Tuesday Book: The indiscreet charm of the bureaucracy

The Power Behind the Prime Minister: the hidden influence of number ten by Dennis Kavanagh and Anthony Sheldon (HarperCollins, pounds 19.99)

Sailing: Ogden breezes to double victory

END OF term means prize givings and, although today sees the final races in Skandia Life Cowes Week, some hashes were just about settled yesterday. The fleet of 900 boats was already depleted by those who were preparing for the Fastnet Race, which begins this evening, but Peter Ogden was in fine form, completing a double win in his Swan 60, Spirit of Jethou.

Sailing: Ogden breezes in for double

END OF term means prize givings and, although today sees the final races in Skandia Life Cowes Week, some hashes were just about settled yesterday. The fleet of 900 boats was already depleted by those who were preparing for the Fastnet Race, which begins this evening, but Peter Ogden was in fine form, completing a double win in his Swan 60, Spirit of Jethou.

Single Currency: Bullish Blair denies softening line on Britain's currency plans

TONY BLAIR came out fighting for the pro-European cause yesterday and insisted that he had not watered down his plans to take Britain into the single currency.

Whitelaw, the loyal lieutenant, dies at 81

LORD WHITELAW, the former Deputy Prime Minister and "sheet anchor" of Margaret Thatcher's government, has died aged 81, his family announced yesterday.

Action Replay: Golf: Jacklin wins historic US Open title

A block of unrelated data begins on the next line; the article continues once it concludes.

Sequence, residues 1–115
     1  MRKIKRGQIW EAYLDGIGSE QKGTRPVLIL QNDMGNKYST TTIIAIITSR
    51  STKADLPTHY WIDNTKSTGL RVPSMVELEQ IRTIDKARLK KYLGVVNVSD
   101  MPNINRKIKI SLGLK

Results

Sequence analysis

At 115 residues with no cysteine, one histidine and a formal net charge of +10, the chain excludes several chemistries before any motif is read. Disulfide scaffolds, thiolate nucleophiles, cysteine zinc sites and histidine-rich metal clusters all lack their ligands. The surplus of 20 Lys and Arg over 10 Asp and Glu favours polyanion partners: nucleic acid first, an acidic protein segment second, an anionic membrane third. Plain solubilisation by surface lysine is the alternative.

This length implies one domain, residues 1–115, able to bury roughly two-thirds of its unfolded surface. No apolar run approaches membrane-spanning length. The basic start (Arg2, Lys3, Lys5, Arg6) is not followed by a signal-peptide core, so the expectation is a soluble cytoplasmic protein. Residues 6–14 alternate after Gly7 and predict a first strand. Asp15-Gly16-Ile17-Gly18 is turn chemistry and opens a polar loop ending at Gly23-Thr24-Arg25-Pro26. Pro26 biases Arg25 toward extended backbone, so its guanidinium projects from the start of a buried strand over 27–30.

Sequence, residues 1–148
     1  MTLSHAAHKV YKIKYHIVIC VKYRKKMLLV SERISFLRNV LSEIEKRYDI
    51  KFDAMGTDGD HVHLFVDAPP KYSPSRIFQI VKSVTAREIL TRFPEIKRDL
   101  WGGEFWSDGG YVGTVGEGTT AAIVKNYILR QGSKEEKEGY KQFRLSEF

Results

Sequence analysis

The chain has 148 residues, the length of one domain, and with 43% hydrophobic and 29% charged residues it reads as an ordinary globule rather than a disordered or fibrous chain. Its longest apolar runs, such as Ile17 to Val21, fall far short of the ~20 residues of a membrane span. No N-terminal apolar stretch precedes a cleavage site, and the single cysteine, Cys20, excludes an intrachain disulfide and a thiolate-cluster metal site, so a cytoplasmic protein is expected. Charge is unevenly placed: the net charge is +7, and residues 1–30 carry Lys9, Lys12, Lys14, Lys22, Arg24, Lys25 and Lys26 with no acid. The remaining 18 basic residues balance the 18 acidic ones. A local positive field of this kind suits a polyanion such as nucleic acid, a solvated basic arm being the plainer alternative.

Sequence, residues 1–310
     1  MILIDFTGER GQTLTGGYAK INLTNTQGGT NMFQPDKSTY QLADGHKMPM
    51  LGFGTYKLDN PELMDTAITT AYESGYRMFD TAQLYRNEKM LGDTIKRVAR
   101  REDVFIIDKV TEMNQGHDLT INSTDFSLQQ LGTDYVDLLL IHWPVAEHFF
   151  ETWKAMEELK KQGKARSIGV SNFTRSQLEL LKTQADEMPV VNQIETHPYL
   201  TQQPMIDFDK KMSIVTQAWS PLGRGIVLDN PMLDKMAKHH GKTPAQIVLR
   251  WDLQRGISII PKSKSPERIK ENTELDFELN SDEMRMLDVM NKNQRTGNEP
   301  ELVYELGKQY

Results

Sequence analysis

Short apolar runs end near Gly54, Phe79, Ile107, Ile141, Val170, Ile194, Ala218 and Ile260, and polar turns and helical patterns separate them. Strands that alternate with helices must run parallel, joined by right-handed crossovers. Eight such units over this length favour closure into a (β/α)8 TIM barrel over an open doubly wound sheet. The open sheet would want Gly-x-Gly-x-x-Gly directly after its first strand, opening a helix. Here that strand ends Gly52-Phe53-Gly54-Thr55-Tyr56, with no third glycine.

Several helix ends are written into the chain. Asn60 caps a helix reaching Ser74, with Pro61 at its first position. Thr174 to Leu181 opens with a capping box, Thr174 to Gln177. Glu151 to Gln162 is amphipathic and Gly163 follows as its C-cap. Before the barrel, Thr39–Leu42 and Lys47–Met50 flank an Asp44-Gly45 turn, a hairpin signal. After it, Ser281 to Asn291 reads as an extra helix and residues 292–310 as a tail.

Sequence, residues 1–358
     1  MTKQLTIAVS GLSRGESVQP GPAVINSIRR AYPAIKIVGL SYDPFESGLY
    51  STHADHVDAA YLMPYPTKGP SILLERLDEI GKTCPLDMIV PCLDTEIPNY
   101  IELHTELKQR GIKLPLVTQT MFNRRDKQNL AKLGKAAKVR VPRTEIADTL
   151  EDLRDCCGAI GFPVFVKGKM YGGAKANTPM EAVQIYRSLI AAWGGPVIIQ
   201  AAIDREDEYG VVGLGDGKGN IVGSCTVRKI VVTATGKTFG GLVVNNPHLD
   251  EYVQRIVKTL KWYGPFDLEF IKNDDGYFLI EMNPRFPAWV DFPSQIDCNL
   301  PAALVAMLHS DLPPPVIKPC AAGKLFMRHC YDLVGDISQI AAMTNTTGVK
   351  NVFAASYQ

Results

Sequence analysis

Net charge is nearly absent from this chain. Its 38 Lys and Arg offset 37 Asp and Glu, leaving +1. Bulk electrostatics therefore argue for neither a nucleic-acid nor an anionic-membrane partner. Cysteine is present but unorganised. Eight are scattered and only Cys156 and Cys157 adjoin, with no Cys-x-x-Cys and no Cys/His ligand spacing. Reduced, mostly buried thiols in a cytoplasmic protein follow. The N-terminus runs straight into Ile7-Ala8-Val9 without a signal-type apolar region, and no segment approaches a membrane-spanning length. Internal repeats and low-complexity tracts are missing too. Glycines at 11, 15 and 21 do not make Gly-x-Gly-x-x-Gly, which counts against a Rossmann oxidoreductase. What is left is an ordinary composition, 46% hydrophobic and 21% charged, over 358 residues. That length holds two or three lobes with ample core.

A famous sporting double was celebrated on 21 June, 1970. In Mexico City a majestic Brazilian team swept to victory in football's World Cup, beating Italy 4-1 in the final, while further north, in Minneapolis, Minnesota, British golfer Tony Jacklin surprised the world when he won the US Open Championship. This how the Daily Mirror's John Smith relayed the news of Jacklin's triumph.

Aitken is a bad lot but I have a soft spot for him

There is no intention to turn this column into a weekly edition of the sayings of William Whitelaw. But this Sunday it is relevant to recall another Willieism. It was at Brighton during a Conservative conference in the 1970s, with the party in opposition and Margaret Thatcher leader. The Labour government was being threatened by the miners. Edward Heath, beginning his Great Sulk, told the assembled Tories that they ought not to gloat. Afterwards Lord Whitelaw remarked to Mr Frank Johnson and myself: "Ted said we shouldn't gloat, wrong to gloat, mustn't do it, no, no, no. Well, I can tell you, I'm gloating like hell."

Hague's line attacked

WILLIAM HAGUE'S strategy for winning votes in the European elections by attacking European Commission fraud was criticised by Sir Edward Heath as being too Eurosceptic .

Hague told `win or you're out'

THE THREAT to William Hague as Tory leader grew last night as his party's whips launched a desperate attempt to head off moves by his MPs to sack him. Mr Hague has lost the support of leading figures on the 1922 Committee of Tory MPs, whose executive committee has a crucial role in deciding his fate.

The Week In Westminster: So now we know, Lilley is for turning after all earns the wrath of Tory faithful

THE DEPUTY leader of the Conservative Party, Peter Lilley, has faced a barrage of almost universal criticism and ridicule from Tory backbenchers and several members of the Shadow Cabinet for his change of tone towards health and other public services.

Town with a heritage trail but no future Even of the off-licence can't get enough trade

IF YOU had followed the tourist board's heritage trail in Govan yesterday, you would have witnessed the end of an era. At site number 13 on the tour stood idle cranes as workers at the UK's biggest merchant shipyard contemplated its likely closure.